can France still pull the rope? – The Express

can France still pull the rope – The Express

How much longer will they close their eyes? Economists are sounding the alarm, the executive is gesticulating to plug the gaps, the newspapers are making headlines… The markets seem strangely indifferent to the slippage of French public finances. And the decisions of the rating agencies, monitored like milk on fire by the political-media world, have so far changed nothing.

While Moody’s and Fitch have kept their opinions on French debt unchanged, eyes will now turn to S&P, which will deliver its verdict on May 31. Especially since the most influential of the three American arbitrators has already upgraded France’s rating to a negative outlook at the end of 2022. But even if a downgrade occurs, from AA to AA-, it is a safe bet that investors would maintain their composure .

No impact on the rate spread

To judge their disposition towards French debt, we look at the spread between the OAT and the Bund. In plain French, the gap between the ten-year interest rate on French sovereign bonds compared to those of the German state. However, as Aymeric Poizot, head of the Fitch agency, explained to L’Express, “for two years, in Europe, the cost of debt has been absolutely not influenced by the ratings but entirely by the monetary policy of the European Central Bank. Besides, remember, when France’s rating was downgraded last year, the spread compared to Germany did not change.” In April 2023, Fitch lowered the French sovereign rating from AA to AA-.

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From there to say that the government has complete freedom to maintain a deleterious trajectory, surely not. For several weeks, we have had to swallow a few snakes, starting with the revelation of a public deficit of 5.5% in 2023, much higher than expectations. For 2024, Bercy is expecting a rate of 5.1%, which is not encouraging. The projections for the following years, up to 2.9% in 2027, appear to fall under the Coué method. As for public debt, it is expected to increase further until 2024, before a very modest decline, to land at 112% in 2027, compared to 110.6% in 2023. The IMF is more pessimistic, counting on 114%. in three years.

Stabilize the debt to be credible

These are not the only question marks. “The government’s new stability program has limited credibility and contains inconsistencies,” underlines Eric Dor in an article for the Swiss site Allnews. The director of economic studies at the IESEG School of Management points out in particular the objective of reducing the primary deficit – that is to say excluding debt charges – which seems out of reach. “Public spending this year has already been reduced by 10 billion euros by a decree canceling credits in February. Next year, the government is counting on an additional reduction of 25 to 30 billion euros. realize.” Eric Dor drives the point home: “It is generally recognized that to maintain the confidence of financial markets, a government must ensure at least credible prospects of stabilizing public debt as a percentage of nominal GDP.”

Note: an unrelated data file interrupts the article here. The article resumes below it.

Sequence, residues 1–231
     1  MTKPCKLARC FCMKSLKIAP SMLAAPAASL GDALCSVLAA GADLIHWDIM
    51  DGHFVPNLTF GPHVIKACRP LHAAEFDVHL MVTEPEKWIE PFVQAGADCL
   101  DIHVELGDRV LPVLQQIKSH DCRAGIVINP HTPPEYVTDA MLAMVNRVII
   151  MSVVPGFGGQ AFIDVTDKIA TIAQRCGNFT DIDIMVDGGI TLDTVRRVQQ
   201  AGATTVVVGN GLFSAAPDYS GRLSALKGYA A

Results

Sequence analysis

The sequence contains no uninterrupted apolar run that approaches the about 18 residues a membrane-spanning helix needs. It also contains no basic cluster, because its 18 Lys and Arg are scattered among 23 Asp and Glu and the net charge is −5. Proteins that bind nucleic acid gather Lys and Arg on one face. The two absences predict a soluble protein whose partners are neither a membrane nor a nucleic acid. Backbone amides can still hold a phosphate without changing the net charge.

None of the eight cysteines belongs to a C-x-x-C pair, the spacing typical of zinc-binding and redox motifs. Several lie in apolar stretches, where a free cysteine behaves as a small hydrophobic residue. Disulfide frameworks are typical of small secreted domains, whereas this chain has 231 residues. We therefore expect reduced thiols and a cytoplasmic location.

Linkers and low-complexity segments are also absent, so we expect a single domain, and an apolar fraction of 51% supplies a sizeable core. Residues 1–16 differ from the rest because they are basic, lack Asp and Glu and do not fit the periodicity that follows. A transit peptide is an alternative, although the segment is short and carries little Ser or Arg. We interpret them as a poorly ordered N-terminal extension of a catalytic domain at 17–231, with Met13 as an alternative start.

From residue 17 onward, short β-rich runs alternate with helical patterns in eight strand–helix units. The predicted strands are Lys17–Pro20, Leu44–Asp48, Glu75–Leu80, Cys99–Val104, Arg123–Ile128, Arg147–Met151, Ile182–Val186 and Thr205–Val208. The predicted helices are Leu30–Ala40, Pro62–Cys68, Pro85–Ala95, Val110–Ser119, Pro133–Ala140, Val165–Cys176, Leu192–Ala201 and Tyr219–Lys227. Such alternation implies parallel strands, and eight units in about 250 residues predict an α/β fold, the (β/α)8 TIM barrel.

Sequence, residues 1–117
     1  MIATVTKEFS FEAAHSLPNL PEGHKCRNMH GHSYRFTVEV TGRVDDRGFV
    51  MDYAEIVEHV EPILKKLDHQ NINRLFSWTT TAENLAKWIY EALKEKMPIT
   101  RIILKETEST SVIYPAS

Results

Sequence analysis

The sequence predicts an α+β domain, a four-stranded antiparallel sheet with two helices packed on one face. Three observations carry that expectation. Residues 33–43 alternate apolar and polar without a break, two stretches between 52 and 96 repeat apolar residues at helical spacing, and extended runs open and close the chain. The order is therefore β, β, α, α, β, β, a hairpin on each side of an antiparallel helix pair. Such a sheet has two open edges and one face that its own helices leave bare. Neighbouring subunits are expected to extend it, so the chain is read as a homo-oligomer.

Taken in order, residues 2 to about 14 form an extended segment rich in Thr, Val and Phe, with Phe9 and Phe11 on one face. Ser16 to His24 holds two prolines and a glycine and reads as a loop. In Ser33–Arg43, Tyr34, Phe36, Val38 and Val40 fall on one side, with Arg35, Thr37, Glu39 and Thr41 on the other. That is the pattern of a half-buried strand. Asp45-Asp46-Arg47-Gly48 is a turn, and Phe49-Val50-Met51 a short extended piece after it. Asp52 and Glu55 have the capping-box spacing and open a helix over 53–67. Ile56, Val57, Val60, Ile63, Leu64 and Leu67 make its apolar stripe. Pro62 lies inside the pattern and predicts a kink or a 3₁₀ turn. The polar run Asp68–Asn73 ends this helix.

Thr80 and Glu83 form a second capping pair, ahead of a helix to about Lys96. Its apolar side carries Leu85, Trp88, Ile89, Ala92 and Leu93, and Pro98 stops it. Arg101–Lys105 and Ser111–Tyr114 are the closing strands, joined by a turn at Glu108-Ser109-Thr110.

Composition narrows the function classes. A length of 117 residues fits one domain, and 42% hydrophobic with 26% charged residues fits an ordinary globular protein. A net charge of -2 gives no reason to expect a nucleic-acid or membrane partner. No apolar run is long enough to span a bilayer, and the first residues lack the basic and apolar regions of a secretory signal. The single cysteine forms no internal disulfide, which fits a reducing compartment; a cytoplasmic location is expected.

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So, how far can France allow itself to drift? Beware of the backlash, warns Olivier Klein, professor of financial macroeconomics at HEC and general manager of Lazard Frères Banque. “Financial markets do not react gradually to economic deteriorations or those of public debt. They may not worry about them, focused on other events. And then suddenly, suddenly and simultaneously, the sanction may fall.” And remember that before 2010, the year of the explosion of the sovereign debt crisis, rate differences between European countries had never been so low. All it took was a spark from Greece to change the situation throughout the euro zone.

French “paper” prized by the Japanese

For the moment, the agencies still seem very lenient towards an undeserving French student. Some European countries, which are more virtuous, are given lower marks. But France has particularly liquid debt, very popular with investors looking for risk-free assets to diversify their portfolio. The safest remains, of course, that issued across the Rhine. But Germany has the disadvantage of its virtue: this lower debt requires few issues of new securities, around four times less than Paris this year. International buyers of sovereign debt in the euro zone are therefore turning to the large economy that is close to it, France. “The Japanese in particular have a real appetite for this debt, starting with the retirement fund and Japan Post Bank,” specifies Christopher Dembik, economic advisor to the management company Pictet AM.

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“Our country has a solid economy, with companies that are world flagships, with a few strong sectors, political and institutional stability, and a euro which protects it, recognizes Olivier Klein. But we cannot be satisfied with the situation This long-term drift will lead to a break, which may occur with an event which will not necessarily be very significant, but which will reverse market sentiment.

According to Robert Ophèle, there is no danger yet in the house. However, the senior official, who worked at the Financial Markets Authority and the Bank of France, warns: “If French debt becomes simple A, some investors will look at the paper differently.” Reduction in operating expenses, increase in revenue through increased taxes, everyone has their own opinion on the method to adopt to avoid the worst. “But we also need to work on the denominator, namely GDP,” insists Olivier Klein. An acceleration in economic growth driven by investment is a trend that agencies would welcome.